It's like and are made for each-other. They work perfectly!

I am always looking for opportunities to use plantUML in my Org mode generated documentation and blogs. Here's a little example: scripter.co/tags/plantuml/.

@publicvoit @bzg


I don't see how that stack overflow answer is related to your case where you have source blocks of different languages, alternating, tangling to the same HTML file.

But I can kind of see why you are seeing the output this way. I have probably designed my Org tangling project in to do the same way.

@starbreaker @carbontwelve


This looks like a bug. I think you should open up a discussion for this on the Org mode mailing list; simply email the mailing list.

@starbreaker @carbontwelve


You don't need ":noweb yes" for the noweb references, and instead of "#+name: foo", ":noweb-ref foo" in the header args is more canonical. If you have both name and noweb-ref, then I think that the latter is respected.

@starbreaker @carbontwelve


> people don't have time and need someone responsible to to fix it right now this second. That's just how it is.

Yeah, that's sad. Free and open source software like has spoiled me.

If something is broken, I try to fix it.

If I cannot, I ask for help, and then I can fix it.

If the fix would be nice for the whole community, I can send a patch and have it fixed for everyone.

I cannot do that for the closed source commercial products out there.


@emsenn @jrss

With the help you received on the / mailing lists (you don't need to subscribe to them; just send emails with questions as regular emails), I typically get a satisfactory solution in few hours.


> I wouldn't go so far as to say @jrss was incorrect.

The help you get there is definitely faster than the help I get for commercial products. An example: I created a support ticket for . I get an email that they received the ticket. Then on the next day, I receive an "update" that the ticket has been forwarded to the tech team. Then in third email after a day or two, they say that they have created an enhancement request. End result: My problem is not yet solved.



> it doesn't have a hot-line for support

You are spreading incorrect info!

Simply email your query, anything about Emacs to


That's the best Emacs "hot-line". You typically get responses within 12 hours over there.

Example: Here's a recent question I asked there and someone replied with the exact info I needed: lists.gnu.org/r/help-gnu-emacs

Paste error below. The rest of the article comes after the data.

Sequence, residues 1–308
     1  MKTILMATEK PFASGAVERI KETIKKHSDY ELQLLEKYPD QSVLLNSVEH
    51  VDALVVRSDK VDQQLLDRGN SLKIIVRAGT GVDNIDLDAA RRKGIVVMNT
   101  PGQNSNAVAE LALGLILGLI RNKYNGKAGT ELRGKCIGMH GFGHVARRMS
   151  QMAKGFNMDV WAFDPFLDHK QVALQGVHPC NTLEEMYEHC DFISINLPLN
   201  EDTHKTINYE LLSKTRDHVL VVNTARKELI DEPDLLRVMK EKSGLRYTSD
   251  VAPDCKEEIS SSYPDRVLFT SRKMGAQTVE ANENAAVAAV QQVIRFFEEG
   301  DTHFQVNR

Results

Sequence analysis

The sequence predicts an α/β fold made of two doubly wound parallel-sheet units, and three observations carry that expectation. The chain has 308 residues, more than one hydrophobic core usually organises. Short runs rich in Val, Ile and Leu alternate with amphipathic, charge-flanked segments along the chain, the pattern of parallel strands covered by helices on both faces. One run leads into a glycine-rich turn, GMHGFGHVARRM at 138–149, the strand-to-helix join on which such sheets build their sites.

I do agree that the user needs to commit some time to learn this awesome editor; after all it's not some Windows Notepad :P


This might be an ignorant question, but how is it true that #nim is *both* compiled to C *and* garbage collected? I would have thought that anything that's compiled to C would need to run without GC…unless nim compiles its runtime into C as well? But if it does that, how does it manage to have such small binary sizes?

@codesections I don't understand C and the low level concepts like garbage collection and its impact on binary size.

But you should get your answer at on freenode or gitter.im/nim-lang/Nim (they are both connected via bridge).


> What about you consider, using raw html ditching org/hugo?

- I am not an HTML expert, and also I like my content source portable.
- I like that the same source can be exported to HTML or PDF or Markdown, anything I like.
- I like to separate content from structure.
- The "signal to noise" ratio in HTML is too low, and it's too tedious to add that needed "noise", which I leave to static site generators ().

So I don't see myself using raw HTML.



> well, the point is to chat with you the person, have fun.

Honestly, I don't video chat much. I more prefer text chats and emails.

> practically, i have 0 chance using hugo.

It's understood that you have no problems with your current flow, there's no reason to switch.



The Org syntax draft AFAIK hasn't been updated in a while, and I'd assume that Nicolas would have been the original author of that; may be he wrote that before implementing org-element.el.

If you have questions about that draft or need clarification, please send an email to the Org mode mailing list.

@dekkzz78 @xahlee There's Kyle and Rasmus you provided tremendous help merging Org mode development into Emacs core, and they also frequently backport fixes in Emacs core back to Org mode repo.

There are many other awesome frequent contributors and I apologise for not being able to list them all here.

Summary: Nicolas is the most active Org mode contributor for quite some time, and he's a great code reviewer and mentor too - 2/3


That's correct. Nicolas is not the official"maintainer", but for the past few years following and contributing to , he's the active lead guy. He knows most of the Org mode code in and out and is the primary contributor for all the big Org mode features at least Org 9.0 onwards (and Org 9.0 development began, I think, 5-6 years back).

Bastien is the official maintainer, and takes care of cutting the Org mode releases - 1/3

#til: there is pdf annotations. and I can write a pdf annotation via #emacs with #pdftools.

the overlay annotation icon (how did they do that?) on the pdf also looks nice.

- Build a simple web app
- It's done! Oh, wait, I should add a README
- Ok, released!

- Build a simple CLI
- It's done! Oh, wait, I should add a README
- Oh, wait, I should have built-in `--help` info
- Oh, I guess I should really have a man(1) page
- Oh, and shell completions would be nice…
- Oh, and if I've got a man page and completion scripts, I guess I should have a makefile
- So I guess I should update the README with installation instructions…
- What was I doing, again?

@codesections You forgot the adding tests and creating a documentation webpage parts :)


There actually not much to the setup. I'll post a short gif screencast of my flow when I get a chance later today.

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